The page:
For me personally, it was hard choosing to opt-in to an extended placement because I was worried about bringing the virus home and about my course completion date being pushed back. But at the same time, it felt like an incredible learning opportunity.
I started my first placement last May. I was on an elderly care ward; caring for people with conditions like dementia, or who needed palliative care, or were at the end of life. One day I was asked to provide care to a patient who needed constant one-to-one support.
I remember approaching and being really surprised to see a young person in the bed.
It was tough because before going on placement we'd heard about Covid-19 affecting elderly people and people with co-morbidities. And here was a young, healthy looking person.
They were in bed staring at the ceiling. I learned this person had been stepped down from 30 days in intensive care with Covid-19 and now they were suffering from intensive care delirium, which is common after a prolonged period of ventilation.
They were brought to the geriatric ward because there are nurses who are specially trained in caring for people with conditions like this. And there were more people coming to hospital who needed intensive care. I sat in the room with the patient and I remember they seemed to be talking to people who weren't there. I was in full PPE, which made it harder to communicate, but I sat with them throughout my 12-hour shift, making sure they were safe.
I saw them again about a week later and they were much more aware and alert. Then another week later, I could hold a full conversation with them, and that's when they were discharged. They didn't remember that I'd sat with them when they came out of intensive care, but I wanted them to know they hadn't been on their own. They seemed very grateful - their family did, too.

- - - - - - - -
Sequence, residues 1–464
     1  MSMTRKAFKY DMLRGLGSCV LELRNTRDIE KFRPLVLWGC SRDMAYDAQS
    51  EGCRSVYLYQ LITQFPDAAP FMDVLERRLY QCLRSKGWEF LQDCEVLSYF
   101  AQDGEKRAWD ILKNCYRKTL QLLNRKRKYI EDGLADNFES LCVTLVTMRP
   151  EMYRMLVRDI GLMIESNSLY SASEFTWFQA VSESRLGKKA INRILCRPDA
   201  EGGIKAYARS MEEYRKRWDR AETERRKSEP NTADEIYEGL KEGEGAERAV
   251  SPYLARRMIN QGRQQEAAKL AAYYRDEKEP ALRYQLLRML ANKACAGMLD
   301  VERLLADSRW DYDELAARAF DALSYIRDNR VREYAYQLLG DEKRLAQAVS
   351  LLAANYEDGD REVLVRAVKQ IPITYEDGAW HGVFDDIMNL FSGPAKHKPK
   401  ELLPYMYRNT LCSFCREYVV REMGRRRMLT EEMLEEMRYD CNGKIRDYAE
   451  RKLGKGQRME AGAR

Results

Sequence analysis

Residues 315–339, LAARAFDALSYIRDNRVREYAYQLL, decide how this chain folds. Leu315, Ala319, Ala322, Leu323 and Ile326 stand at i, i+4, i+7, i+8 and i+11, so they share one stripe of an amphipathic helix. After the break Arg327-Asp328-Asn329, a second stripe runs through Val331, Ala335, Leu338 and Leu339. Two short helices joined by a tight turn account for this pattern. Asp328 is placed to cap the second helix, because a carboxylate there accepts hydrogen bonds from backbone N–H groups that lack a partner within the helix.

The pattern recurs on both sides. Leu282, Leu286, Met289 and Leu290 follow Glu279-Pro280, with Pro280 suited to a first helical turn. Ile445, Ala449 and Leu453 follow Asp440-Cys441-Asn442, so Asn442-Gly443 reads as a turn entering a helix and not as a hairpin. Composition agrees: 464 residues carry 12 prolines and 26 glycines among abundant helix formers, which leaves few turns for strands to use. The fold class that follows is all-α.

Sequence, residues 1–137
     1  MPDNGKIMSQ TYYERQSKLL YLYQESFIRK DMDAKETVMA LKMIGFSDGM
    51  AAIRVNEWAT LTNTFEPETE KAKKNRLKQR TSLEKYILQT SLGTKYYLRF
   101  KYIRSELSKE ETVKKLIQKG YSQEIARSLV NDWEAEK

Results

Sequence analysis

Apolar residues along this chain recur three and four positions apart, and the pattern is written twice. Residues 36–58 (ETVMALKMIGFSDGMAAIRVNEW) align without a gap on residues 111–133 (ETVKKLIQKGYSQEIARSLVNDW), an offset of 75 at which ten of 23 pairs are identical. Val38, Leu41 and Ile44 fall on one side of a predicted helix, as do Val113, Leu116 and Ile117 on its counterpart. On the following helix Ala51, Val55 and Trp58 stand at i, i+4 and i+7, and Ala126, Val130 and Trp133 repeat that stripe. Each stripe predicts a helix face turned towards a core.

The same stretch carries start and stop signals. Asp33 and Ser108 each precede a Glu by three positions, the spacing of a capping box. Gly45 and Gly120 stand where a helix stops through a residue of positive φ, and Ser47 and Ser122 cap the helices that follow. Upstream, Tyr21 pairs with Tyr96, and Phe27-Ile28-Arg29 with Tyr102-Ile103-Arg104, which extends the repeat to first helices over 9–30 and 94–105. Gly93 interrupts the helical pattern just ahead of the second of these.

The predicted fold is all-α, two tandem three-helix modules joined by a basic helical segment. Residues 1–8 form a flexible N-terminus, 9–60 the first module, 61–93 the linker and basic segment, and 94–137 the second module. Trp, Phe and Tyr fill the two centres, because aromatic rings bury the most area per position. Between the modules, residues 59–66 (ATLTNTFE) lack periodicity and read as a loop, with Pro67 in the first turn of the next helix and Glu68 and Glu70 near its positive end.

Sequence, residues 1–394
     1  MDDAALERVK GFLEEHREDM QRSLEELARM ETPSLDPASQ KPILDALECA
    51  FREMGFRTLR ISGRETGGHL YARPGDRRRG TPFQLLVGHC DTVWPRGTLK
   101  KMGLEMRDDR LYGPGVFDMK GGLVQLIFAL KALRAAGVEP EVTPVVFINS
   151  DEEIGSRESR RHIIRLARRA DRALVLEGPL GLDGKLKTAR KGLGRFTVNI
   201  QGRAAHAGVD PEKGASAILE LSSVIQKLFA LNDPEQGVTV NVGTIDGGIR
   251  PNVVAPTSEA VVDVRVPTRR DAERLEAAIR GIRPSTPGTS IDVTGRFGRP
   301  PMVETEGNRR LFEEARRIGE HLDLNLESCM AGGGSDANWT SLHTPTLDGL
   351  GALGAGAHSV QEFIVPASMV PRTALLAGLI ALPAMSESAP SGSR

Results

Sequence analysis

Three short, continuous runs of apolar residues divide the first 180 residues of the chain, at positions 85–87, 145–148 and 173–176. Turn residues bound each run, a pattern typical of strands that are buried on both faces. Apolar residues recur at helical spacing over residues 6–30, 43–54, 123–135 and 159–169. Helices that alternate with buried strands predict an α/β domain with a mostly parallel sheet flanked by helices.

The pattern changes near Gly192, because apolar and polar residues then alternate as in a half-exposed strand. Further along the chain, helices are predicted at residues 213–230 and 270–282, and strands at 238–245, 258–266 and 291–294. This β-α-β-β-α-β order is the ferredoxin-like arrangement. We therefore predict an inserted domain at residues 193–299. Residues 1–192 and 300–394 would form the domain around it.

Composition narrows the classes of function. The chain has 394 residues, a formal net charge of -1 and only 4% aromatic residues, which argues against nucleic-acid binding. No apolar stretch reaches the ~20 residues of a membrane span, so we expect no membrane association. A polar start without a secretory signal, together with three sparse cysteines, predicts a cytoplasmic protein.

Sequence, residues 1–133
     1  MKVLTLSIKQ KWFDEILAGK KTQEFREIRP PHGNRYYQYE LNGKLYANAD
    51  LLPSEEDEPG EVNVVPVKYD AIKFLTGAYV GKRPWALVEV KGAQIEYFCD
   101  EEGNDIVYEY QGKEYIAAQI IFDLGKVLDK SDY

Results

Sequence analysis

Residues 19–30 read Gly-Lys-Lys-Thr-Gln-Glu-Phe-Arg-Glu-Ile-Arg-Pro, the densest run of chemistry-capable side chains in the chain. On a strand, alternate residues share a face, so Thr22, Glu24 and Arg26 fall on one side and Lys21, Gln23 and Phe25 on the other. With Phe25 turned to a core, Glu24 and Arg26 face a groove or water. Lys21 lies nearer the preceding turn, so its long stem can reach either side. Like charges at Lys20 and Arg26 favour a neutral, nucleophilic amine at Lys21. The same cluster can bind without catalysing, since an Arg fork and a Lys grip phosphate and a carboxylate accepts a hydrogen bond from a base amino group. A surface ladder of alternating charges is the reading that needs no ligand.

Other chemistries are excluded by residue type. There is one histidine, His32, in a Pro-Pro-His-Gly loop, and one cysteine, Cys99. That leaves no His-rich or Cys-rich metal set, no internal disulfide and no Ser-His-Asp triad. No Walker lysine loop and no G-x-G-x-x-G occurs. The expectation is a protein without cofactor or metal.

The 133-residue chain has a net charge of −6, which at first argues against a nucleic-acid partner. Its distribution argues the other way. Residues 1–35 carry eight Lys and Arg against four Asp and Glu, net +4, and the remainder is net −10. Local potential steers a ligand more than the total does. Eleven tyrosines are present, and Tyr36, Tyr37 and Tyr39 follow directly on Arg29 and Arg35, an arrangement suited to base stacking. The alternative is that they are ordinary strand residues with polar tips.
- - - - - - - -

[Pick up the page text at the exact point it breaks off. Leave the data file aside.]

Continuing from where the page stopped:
The last few weeks have been the toughest
I'm now on placement in intensive care. And somehow, for nine weeks, I didn't see anyone die on my shift. But yesterday, for the first time, someone I'd been caring for passed away. We'd done everything we could, but they were just so poorly that they weren't going to get better. Their family came in and got to say their goodbyes - two family members for half an hour.
There's some relief in that. The family preferred not to be there when the person passed away, because they wanted to remember how they were before. So, I reassured them I'd be there, and we'd make sure they were pain-free.
Then the nurse talked me through what was going to happen. You keep up the pain relief and turn down the oxygen, and let nature take its course. We sat and held the patient's hand as they took their last breaths. It's right that they weren't alone.
It's been hard but also empowering
The nurses around me have been so supportive, asking me if I need anything and checking I'm OK. They're making sure we get our breaks and the time we need for ourselves. Everyone keeps saying to me: 'This isn't how intensive care normally is'. But they're handling it so well. It's been really hard, but it's taught me so much.
Being in intensive care has forced me to become more confident and competent. You can't fall back on being a student, you have to step up. There's pressure, and at times it's been physically and mentally exhausting. But in a sense, it's also been empowering.
Because when you're holding a dying person's hand in intensive care during a pandemic, you don't feel like a student. You feel like a nurse. And I've decided I want to be an intensive care nurse.